International insurance broker Howden Group (Howden) has partnered with the World Climate Summit to bring together voices in the public, private, and charity sectors to explore alternative methods of financing disaster relief projects.
The “World Climate Summit – the Investment COP” (World Climate Summit or the Summit) is one of the events for the insurance industry organised alongside COP26. It will commence on November 07, 2021.
On that date, Howden Group CEO David Howden will deliver a speech focusing on creating sustainable business models that provide more funding more quickly and efficiently and can be applied to all kinds of disaster relief projects. He will also talk about how the insurance industry could create markets driving climate action and increase resilience in an increasingly volatile world.
Charlie Langdale, the head of Climate Risk and Resilience at Howden, claimed that traditional disaster relief financing cannot keep up with the dramatic increase in the frequency and severity of climate-triggered disasters.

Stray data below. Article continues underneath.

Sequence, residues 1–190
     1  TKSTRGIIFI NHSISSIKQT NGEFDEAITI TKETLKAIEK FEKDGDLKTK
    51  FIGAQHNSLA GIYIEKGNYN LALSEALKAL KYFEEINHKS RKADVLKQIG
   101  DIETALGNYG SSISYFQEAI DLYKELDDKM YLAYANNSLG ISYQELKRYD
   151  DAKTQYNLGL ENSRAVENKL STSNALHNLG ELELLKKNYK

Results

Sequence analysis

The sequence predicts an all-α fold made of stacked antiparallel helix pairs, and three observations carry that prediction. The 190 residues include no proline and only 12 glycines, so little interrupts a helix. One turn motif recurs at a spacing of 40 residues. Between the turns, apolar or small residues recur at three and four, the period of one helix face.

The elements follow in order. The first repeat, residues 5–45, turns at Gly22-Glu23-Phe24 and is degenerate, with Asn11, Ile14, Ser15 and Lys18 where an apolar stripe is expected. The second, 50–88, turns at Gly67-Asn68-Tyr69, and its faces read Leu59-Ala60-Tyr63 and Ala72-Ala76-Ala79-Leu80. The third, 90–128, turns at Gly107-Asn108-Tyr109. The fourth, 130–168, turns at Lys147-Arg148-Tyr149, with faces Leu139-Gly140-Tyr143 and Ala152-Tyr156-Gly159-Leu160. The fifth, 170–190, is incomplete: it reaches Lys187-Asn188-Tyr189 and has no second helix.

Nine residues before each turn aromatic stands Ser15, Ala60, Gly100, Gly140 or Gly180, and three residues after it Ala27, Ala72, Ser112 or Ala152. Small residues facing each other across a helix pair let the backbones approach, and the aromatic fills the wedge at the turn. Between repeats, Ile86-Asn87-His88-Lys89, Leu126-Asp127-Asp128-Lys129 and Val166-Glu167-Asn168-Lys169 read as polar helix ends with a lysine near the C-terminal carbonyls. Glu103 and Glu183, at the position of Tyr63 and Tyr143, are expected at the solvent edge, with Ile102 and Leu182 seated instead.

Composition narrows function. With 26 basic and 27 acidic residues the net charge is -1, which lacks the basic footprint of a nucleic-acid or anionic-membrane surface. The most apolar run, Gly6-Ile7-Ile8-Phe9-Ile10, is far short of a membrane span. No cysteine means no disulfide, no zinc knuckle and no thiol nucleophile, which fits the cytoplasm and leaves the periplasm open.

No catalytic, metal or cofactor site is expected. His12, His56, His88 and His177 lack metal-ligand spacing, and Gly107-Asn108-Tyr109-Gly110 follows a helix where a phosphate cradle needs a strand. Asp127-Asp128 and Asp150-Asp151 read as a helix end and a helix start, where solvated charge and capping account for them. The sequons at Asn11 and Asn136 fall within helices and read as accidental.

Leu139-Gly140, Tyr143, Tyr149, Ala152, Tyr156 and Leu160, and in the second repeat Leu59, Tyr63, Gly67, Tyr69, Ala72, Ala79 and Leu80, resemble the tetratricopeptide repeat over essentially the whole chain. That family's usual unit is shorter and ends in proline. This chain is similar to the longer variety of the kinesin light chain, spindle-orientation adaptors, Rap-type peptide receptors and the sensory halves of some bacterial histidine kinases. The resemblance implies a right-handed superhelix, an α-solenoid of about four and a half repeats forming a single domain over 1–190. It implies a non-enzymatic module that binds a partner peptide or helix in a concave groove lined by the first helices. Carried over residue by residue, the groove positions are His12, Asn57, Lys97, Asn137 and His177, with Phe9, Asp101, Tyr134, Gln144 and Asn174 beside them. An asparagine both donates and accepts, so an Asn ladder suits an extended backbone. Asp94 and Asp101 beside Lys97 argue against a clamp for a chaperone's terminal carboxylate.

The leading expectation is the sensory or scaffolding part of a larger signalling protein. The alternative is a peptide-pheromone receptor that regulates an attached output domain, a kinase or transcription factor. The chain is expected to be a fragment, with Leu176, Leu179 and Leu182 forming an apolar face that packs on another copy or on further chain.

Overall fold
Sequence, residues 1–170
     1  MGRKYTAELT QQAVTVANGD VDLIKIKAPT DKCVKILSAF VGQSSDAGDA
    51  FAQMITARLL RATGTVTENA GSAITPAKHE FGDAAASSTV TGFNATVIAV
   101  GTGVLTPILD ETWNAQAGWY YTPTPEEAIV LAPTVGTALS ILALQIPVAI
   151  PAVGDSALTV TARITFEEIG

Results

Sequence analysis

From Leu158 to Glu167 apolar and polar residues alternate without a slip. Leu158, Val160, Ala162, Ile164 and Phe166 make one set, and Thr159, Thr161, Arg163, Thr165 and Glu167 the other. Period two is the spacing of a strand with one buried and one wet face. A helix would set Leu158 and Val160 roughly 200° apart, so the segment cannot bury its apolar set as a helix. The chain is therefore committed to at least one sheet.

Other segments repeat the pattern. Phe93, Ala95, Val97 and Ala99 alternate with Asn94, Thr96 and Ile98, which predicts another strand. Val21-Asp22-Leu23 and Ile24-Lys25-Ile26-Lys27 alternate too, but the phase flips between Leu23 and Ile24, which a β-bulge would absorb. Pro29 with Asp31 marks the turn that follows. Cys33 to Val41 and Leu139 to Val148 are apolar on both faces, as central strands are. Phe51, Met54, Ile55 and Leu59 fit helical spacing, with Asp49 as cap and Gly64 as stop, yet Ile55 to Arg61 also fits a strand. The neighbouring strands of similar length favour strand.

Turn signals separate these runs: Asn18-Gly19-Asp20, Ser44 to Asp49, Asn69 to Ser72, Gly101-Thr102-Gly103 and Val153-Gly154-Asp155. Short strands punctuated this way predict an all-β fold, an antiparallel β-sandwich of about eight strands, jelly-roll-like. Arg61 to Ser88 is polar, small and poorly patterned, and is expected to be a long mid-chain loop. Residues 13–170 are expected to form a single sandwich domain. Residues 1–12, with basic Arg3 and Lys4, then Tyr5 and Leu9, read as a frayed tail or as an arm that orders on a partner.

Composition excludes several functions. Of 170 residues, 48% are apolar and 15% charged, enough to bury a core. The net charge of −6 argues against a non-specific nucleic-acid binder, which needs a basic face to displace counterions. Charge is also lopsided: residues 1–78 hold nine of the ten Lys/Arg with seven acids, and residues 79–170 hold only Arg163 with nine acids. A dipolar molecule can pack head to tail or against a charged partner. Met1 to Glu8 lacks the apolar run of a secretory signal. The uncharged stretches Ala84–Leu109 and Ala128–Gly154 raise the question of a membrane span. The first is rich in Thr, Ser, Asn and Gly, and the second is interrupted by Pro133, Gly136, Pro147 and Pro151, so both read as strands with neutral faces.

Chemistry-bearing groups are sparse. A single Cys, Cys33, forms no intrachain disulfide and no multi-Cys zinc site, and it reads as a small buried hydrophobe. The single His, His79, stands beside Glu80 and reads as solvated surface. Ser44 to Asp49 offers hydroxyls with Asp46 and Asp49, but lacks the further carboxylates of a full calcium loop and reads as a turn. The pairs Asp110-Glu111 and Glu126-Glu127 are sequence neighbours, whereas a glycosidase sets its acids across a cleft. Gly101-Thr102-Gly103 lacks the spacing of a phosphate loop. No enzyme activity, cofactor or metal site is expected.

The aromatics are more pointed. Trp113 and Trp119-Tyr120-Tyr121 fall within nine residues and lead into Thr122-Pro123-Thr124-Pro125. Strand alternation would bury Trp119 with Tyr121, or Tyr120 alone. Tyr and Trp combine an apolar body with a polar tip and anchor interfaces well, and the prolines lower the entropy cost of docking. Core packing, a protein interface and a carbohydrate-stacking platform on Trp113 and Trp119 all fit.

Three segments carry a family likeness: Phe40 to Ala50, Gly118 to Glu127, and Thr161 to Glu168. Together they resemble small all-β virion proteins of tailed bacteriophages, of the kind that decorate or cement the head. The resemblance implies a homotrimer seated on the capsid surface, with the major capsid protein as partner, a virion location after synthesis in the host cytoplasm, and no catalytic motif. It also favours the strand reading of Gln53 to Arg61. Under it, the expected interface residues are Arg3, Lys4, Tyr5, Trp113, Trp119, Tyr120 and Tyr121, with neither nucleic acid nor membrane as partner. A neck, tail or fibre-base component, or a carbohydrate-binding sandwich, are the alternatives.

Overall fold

“We believe the answer to plugging the funding gap lies in creating scalable, sustainable markets for funding disaster response by unlocking private capital for social good,” Langdale added.
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Earlier this year, Howden collaborated with the Danish Red Cross and others on the world’s first volcano catastrophe bond. This new model raises humanitarian aid funds in advance and stretches up to 20 times further than traditional funding methods while offering uncorrelated returns for investors.
On November 08, Howden will host a panel session and group discussion session exploring the full potential of the new model to transform the way disaster relief is funded.
“There is a lot of focus on the role of financial institutions in the climate resilience conversation, but comparatively little on the insurance industry. Insurance tends to come into focus in two main areas: picking up the pieces after a disaster has happened and the debate around whether insurers should continue to underwrite business for carbon-intensive industries,” Howden said.
“What’s missing in this conversation, and what our industry must get better at promoting, is the role insurance has to play in helping society to build resilience against climate risk. Whether that’s by removing the financial barriers to sustainable energy projects; leveraging our data and risk modelling capabilities to help clients, industries, and countries to better address emerging risks; or by transforming the way disaster relief is funded.”